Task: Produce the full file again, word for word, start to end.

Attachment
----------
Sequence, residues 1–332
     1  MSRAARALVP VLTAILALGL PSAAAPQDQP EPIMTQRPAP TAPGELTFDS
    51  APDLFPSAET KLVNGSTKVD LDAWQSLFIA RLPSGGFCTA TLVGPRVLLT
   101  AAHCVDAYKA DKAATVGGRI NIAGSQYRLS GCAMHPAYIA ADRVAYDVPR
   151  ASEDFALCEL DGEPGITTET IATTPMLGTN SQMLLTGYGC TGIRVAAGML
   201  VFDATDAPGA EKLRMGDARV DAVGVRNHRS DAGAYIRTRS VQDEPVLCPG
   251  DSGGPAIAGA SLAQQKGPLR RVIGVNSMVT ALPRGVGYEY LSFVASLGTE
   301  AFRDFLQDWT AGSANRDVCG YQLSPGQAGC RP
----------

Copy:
Sequence, residues 1–332
     1  MSRAARALVP VLTAILALGL PSAAAPQDQP EPIMTQRPAP TAPGELTFDS
    51  APDLFPSAET KLVNGSTKVD LDAWQSLFIA RLPSGGFCTA TLVGPRVLLT
   101  AAHCVDAYKA DKAATVGGRI NIAGSQYRLS GCAMHPAYIA ADRVAYDVPR
   151  ASEDFALCEL DGEPGITTET IATTPMLGTN SQMLLTGYGC TGIRVAAGML
   201  VFDATDAPGA EKLRMGDARV DAVGVRNHRS DAGAYIRTRS VQDEPVLCPG
   251  DSGGPAIAGA SLAQQKGPLR RVIGVNSMVT ALPRGVGYEY LSFVASLGTE
   301  AFRDFLQDWT AGSANRDVCG YQLSPGQAGC RP